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1.
Nat Commun ; 10(1): 5310, 2019 11 22.
Artigo em Inglês | MEDLINE | ID: mdl-31757953

RESUMO

The role of Africa in the dynamics of the global spread of a zoonotic and economically-important virus, such as the highly pathogenic avian influenza (HPAI) H5Nx of the Gs/GD lineage, remains unexplored. Here we characterise the spatiotemporal patterns of virus diffusion during three HPAI H5Nx intercontinental epidemic waves and demonstrate that Africa mainly acted as an ecological sink of the HPAI H5Nx viruses. A joint analysis of host dynamics and continuous spatial diffusion indicates that poultry trade as well as wild bird migrations have contributed to the virus spreading into Africa, with West Africa acting as a crucial hotspot for virus introduction and dissemination into the continent. We demonstrate varying paths of avian influenza incursions into Africa as well as virus spread within Africa over time, which reveal that virus expansion is a complex phenomenon, shaped by an intricate interplay between avian host ecology, virus characteristics and environmental variables.


Assuntos
Influenza Aviária/transmissão , Influenza Humana/transmissão , Doenças das Aves Domésticas/transmissão , África , África Ocidental , Animais , Humanos , Virus da Influenza A Subtipo H5N1/genética , Vírus da Influenza A Subtipo H5N8/genética , Vírus da Influenza A/genética , Influenza Aviária/economia , Influenza Aviária/epidemiologia , Influenza Aviária/virologia , Influenza Humana/economia , Influenza Humana/epidemiologia , Influenza Humana/virologia , Filogenia , Aves Domésticas , Doenças das Aves Domésticas/economia , Doenças das Aves Domésticas/epidemiologia , Doenças das Aves Domésticas/virologia
2.
Avian Dis ; 62(2): 237-240, 2018 06.
Artigo em Inglês | MEDLINE | ID: mdl-29944408

RESUMO

The connectedness in Arctic regions between migratory waterbird populations originating from different continents and the potential for virus exchange at their shared Arctic breeding ground point to the need to explore the largely unstudied circumpolar circulation of avian influenza viruses (AIV). We here report the investigation of AIV in wild birds and lakes in a high Arctic area of Northeast Greenland. No AIV could be detected in the fecal, feather, and water samples collected from large flocks of pink-footed geese Anser brachyrhynchus and barnacle geese Branta leucopsis in and around refuge lakes, where they congregate at high density during their flightless molting period in summer.


Assuntos
Gansos/virologia , Influenza Aviária/virologia , Orthomyxoviridae/isolamento & purificação , Migração Animal , Animais , Animais Selvagens/crescimento & desenvolvimento , Animais Selvagens/fisiologia , Animais Selvagens/virologia , Cruzamento , Feminino , Gansos/crescimento & desenvolvimento , Gansos/fisiologia , Groenlândia , Influenza Aviária/epidemiologia , Influenza Aviária/fisiopatologia , Masculino , Muda , Orthomyxoviridae/classificação , Orthomyxoviridae/genética , Orthomyxoviridae/fisiologia , Estações do Ano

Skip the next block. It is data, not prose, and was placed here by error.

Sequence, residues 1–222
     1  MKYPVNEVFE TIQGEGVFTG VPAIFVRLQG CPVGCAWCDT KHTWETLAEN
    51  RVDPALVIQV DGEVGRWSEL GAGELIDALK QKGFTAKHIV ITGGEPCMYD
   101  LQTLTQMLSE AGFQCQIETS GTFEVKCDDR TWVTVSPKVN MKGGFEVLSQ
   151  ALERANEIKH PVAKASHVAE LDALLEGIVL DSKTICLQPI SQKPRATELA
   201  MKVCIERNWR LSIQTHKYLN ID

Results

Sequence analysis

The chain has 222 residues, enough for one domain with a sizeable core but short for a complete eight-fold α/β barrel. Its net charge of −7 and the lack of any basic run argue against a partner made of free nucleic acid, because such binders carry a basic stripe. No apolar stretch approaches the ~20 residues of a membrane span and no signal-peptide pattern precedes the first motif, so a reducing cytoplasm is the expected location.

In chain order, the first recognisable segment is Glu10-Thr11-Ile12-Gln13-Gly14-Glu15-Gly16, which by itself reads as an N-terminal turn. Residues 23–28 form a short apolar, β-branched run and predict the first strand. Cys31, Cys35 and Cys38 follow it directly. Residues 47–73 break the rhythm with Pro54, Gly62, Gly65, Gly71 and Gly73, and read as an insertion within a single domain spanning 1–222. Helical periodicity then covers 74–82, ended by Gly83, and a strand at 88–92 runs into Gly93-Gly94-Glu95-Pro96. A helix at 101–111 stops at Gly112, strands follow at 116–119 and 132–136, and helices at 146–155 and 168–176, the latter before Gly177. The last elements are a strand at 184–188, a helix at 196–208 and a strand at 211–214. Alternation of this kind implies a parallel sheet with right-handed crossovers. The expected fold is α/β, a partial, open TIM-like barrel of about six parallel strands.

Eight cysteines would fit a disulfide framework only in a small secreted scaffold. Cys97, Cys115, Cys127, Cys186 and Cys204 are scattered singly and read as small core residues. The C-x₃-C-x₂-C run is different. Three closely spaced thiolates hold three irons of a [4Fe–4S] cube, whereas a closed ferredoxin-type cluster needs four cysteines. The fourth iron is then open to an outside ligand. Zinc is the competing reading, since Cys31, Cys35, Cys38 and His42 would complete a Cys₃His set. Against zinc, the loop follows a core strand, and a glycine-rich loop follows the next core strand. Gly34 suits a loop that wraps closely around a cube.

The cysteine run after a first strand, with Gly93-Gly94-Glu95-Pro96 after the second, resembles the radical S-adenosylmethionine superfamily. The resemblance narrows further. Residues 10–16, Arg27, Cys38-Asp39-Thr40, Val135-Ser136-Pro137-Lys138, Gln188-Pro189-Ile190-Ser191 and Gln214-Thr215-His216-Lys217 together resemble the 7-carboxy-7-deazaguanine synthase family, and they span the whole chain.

3.
Sci Adv ; 3(6): e1700526, 2017 06.
Artigo em Inglês | MEDLINE | ID: mdl-28782012

RESUMO

In their recent paper, Savoca and collaborators (2016) showed that plastic debris in the ocean may acquire a dimethyl sulfide (DMS) signature from biofouling developing on their surface. According to them, DMS emission may represent an olfactory trap for foraging seabirds, which explains patterns of plastic ingestion among procellariiform seabirds. This hypothesis is appealing, but some of the data that Savoca et al. used to support their claim are questionable, resulting in a misclassification of species, as well as other decisions regarding the variables to include in their models. Furthermore, with their focus on a single lifestyle trait (nesting habit) of dubious relevance for explaining plastic ingestion, Savoca et al. neglect the opportunity to explore other factors that might provide better ecological insight. Finally, we are deeply concerned by the conservation policy recommendation proposed by Savoca et al.-to increase antifouling properties of consumer plastics-which constitutes a substantial environmental risk and delivers the wrong message to decision-makers. The reduction of plastic consumption, waste prevention, and proactive reuse through a circular economy should be at the heart of policy recommendations for future mitigation efforts.


Assuntos
Aves , Plásticos , Animais , Ingestão de Alimentos , Olfato , Resíduos/análise
4.
Avian Dis ; 60(1 Suppl): 296-301, 2016 05.
Artigo em Inglês | MEDLINE | ID: mdl-27309070

RESUMO

Several ecologic factors have been proposed to describe the mechanisms whereby host ecology and the environment influence the transmission of avian influenza viruses (AIVs) in wild birds, including bird's foraging behavior, migratory pattern, seasonal congregation, the rate of recruitment of juvenile birds, and abiotic factors. However, these ecologic factors are derived from studies that have been conducted in temperate or boreal regions of the Northern Hemisphere. These factors cannot be directly translated to tropical regions, where differences in host ecology and seasonality may produce different ecologic interactions between wild birds and AIV. An extensive dataset of AIV detection in wildfowl and shorebirds sampled across tropical Africa was used to analyze how the distinctive ecologic features of Afrotropical regions may influence the dynamics of AIV transmission in wild birds. The strong seasonality of rainfall and surface area of wetlands allows testing of how the seasonality of wildfowl ecology (reproduction phenology and congregation) is related to AIV seasonal dynamics. The diversity of the African wildfowl community provides the opportunity to investigate the respective influence of migratory behavior, foraging behavior, and phylogeny on species variation in infection rate. Large aggregation sites of shorebirds in Africa allow testing for the existence of AIV infection hot spots. We found that the processes whereby host ecology influence AIV transmission in wild birds in the Afrotropical context operate through ecologic factors (seasonal drying of wetlands and extended and nonsynchronized breeding periods) that are different than the one described in temperate regions, hence, resulting in different patterns of AIV infection dynamics.